Butterfly: Wingspan is 1 7/16 to 1 3/4 inches (3.6 - 4.5 cm). This is a rather large skipper that prefers wetlands. The field identification markings are seen on the underside of the hindwing: It is bright orange to reddish-orange with two distinctive pale rays extending down the wing's length. The upper pale ray does not extend to the end of the wing. The upperside of the wings are dark brown around the edges, but with pale orange markings in the wing's mid-section.
Egg: The light green egg is deposited on leaves of the host plants.
Caterpillar: The caterpillar has a yellowish-green body with yellow hairs. The head and collar are black.
Chrysalis: The third instar larva pupates and overwinters within a retreat made of rolled up leaves stitched together with silken threads.
Male Dion Skippers can be seen perching or flying through the sedges and rushes of wetlands in search of mating females.
The Dion Skipper is distributed somewhat in a circle from southern New York and Massachusetts, southward along the Atlantic coastline to northern Florida, westward through Alabama and Mississippi to western Louisiana and E. Texas; thence, northward to Minnesota and eastward to northern New York and Ontaria. Interestingly, the central portions of the eastern states are largely lacking this species.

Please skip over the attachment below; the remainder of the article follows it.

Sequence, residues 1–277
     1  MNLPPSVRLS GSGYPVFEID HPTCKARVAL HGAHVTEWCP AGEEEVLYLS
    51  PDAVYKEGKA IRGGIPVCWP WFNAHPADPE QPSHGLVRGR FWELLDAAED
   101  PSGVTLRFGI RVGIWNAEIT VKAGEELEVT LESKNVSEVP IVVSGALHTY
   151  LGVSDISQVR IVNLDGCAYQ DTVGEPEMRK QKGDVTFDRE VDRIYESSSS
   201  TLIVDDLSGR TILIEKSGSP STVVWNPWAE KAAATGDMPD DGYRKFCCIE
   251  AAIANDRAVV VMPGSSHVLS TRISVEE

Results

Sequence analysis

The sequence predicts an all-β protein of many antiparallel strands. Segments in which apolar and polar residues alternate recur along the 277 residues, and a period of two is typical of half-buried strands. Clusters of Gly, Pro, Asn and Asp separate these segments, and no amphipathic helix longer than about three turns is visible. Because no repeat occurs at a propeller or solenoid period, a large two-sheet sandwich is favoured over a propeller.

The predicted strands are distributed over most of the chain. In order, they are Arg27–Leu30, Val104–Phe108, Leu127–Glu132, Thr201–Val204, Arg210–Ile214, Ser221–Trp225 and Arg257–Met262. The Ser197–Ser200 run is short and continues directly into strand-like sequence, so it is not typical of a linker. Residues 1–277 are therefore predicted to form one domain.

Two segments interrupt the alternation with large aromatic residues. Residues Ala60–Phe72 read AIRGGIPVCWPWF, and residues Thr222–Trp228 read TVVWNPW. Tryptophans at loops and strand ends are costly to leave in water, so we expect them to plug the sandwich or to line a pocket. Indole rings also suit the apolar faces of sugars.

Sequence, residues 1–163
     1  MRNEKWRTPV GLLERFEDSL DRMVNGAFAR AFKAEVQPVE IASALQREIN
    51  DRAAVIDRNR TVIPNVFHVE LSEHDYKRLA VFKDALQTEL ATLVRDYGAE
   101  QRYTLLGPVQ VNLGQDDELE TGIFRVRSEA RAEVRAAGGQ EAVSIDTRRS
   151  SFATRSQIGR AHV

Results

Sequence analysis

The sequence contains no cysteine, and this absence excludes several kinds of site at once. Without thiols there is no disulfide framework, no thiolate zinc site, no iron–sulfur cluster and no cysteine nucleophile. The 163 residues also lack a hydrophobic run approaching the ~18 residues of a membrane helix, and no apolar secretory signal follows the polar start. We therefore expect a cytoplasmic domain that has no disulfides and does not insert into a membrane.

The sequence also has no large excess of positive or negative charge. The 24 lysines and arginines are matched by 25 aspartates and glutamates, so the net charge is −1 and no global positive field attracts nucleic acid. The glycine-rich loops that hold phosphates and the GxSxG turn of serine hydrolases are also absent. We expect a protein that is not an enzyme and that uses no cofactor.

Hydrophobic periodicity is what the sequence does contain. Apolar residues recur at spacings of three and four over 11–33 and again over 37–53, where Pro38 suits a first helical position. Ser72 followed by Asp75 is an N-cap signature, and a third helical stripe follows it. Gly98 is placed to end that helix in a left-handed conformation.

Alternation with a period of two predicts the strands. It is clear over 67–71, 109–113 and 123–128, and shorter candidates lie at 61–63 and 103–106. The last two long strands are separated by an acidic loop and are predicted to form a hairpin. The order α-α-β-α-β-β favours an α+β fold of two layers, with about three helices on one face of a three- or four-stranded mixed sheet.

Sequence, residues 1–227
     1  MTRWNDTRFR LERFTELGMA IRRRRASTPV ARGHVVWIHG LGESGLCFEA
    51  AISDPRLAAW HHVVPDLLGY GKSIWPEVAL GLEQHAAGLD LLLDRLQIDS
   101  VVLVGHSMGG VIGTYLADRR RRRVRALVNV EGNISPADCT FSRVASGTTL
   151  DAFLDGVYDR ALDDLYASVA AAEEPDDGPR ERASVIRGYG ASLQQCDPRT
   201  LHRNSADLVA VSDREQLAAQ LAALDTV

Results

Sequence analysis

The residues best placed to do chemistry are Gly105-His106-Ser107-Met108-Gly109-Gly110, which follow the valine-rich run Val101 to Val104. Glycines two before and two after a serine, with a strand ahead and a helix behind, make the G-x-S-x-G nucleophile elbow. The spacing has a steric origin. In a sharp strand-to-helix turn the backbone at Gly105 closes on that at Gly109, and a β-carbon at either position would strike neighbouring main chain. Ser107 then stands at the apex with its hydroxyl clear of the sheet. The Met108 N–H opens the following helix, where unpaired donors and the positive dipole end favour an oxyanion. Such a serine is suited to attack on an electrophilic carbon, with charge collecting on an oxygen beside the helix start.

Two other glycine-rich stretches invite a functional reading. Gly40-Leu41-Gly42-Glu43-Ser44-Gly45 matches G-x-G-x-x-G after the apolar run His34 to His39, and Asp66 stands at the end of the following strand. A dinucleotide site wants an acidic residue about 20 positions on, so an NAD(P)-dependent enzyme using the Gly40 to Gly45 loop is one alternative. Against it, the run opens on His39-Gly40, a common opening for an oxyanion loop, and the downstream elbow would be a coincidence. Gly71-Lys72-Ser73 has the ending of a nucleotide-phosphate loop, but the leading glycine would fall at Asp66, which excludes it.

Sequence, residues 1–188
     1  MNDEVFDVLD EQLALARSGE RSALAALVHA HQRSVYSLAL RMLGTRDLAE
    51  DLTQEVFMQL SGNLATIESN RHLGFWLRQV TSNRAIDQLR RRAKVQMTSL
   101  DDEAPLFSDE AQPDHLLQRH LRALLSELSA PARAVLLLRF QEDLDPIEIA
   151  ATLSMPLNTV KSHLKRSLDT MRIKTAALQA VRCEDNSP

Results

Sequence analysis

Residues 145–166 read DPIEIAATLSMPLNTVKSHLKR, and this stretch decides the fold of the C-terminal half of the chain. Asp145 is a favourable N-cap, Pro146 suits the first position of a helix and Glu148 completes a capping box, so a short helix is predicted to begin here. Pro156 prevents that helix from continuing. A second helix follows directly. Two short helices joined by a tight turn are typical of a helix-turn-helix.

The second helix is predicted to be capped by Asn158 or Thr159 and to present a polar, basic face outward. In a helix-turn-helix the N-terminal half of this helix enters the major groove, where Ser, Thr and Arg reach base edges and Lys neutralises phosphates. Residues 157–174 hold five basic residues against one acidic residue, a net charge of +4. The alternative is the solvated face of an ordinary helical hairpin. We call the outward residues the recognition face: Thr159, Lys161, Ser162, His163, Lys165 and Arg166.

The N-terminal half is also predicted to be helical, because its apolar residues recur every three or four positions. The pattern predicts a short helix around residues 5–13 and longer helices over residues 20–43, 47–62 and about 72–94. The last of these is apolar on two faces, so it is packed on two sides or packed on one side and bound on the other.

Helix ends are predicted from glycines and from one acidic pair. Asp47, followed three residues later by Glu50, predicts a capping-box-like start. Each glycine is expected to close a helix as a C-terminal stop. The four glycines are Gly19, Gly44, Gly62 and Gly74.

A dot on the county map indicates that there is at least one documented record of the species within that county. In some cases, a species may be common throughout the county, in others it may be found in only a specific habitat.
The sightings bar graphs depict the timing of flight(s) within each of three geographic regions. Place your cursor on a bar within the graph to see the number of individuals recorded during that period.
The abundance calendar displays the total number of individuals recorded within each week of the month. Both the graphs and the calendar are on based data collection that began in 2000.
The records analyzed here are only a beginning. As more data is collected, these maps and graphs will paint a more accurate picture of distribution and abundance in Alabama. Submit your sightings to firstname.lastname@example.org.
Sightings in the following counties: Baldwin, Colbert, Greene, Jackson, Marion, Perry, Randolph, Shelby
This is a wetland skipper found in bogs, swamps and marshes, and around the edges of these habitats.
In Alabama, host plants have not yet been documented.
Elsewhere, the caterpillars are known to feed host plants that include sedges and rushes such as Shoreline Sedge (Carex hyalinolepis), Hairy Sedge (Carex lacustris), and Wool Grass (Scirpus cyperinus).
Dion Skippers nectar from a variety of wetland flowers.